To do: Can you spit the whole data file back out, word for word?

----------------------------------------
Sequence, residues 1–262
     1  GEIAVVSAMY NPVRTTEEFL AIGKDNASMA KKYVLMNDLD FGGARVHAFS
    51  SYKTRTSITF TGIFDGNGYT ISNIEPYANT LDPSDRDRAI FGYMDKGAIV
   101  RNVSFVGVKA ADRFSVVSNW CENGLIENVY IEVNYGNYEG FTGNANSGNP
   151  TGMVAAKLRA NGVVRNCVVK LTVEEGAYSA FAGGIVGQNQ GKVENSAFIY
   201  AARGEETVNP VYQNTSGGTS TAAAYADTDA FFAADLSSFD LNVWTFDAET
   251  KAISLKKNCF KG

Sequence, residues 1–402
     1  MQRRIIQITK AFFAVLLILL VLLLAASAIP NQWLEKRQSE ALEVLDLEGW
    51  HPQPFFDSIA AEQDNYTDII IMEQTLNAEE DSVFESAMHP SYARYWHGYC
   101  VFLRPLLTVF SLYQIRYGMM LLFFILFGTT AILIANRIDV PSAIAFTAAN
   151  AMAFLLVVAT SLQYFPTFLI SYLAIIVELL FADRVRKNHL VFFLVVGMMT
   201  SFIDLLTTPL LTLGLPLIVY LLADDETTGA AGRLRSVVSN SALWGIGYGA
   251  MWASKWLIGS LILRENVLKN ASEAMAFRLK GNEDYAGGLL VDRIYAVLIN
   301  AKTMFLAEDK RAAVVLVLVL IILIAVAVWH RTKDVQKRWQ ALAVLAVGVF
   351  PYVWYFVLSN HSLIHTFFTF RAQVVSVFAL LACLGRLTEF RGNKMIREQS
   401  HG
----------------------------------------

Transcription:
Sequence, residues 1–262
     1  GEIAVVSAMY NPVRTTEEFL AIGKDNASMA KKYVLMNDLD FGGARVHAFS
    51  SYKTRTSITF TGIFDGNGYT ISNIEPYANT LDPSDRDRAI FGYMDKGAIV
   101  RNVSFVGVKA ADRFSVVSNW CENGLIENVY IEVNYGNYEG FTGNANSGNP
   151  TGMVAAKLRA NGVVRNCVVK LTVEEGAYSA FAGGIVGQNQ GKVENSAFIY
   201  AARGEETVNP VYQNTSGGTS TAAAYADTDA FFAADLSSFD LNVWTFDAET
   251  KAISLKKNCF KG

Sequence, residues 1–402
     1  MQRRIIQITK AFFAVLLILL VLLLAASAIP NQWLEKRQSE ALEVLDLEGW
    51  HPQPFFDSIA AEQDNYTDII IMEQTLNAEE DSVFESAMHP SYARYWHGYC
   101  VFLRPLLTVF SLYQIRYGMM LLFFILFGTT AILIANRIDV PSAIAFTAAN
   151  AMAFLLVVAT SLQYFPTFLI SYLAIIVELL FADRVRKNHL VFFLVVGMMT
   201  SFIDLLTTPL LTLGLPLIVY LLADDETTGA AGRLRSVVSN SALWGIGYGA
   251  MWASKWLIGS LILRENVLKN ASEAMAFRLK GNEDYAGGLL VDRIYAVLIN
   301  AKTMFLAEDK RAAVVLVLVL IILIAVAVWH RTKDVQKRWQ ALAVLAVGVF
   351  PYVWYFVLSN HSLIHTFFTF RAQVVSVFAL LACLGRLTEF RGNKMIREQS
   401  HG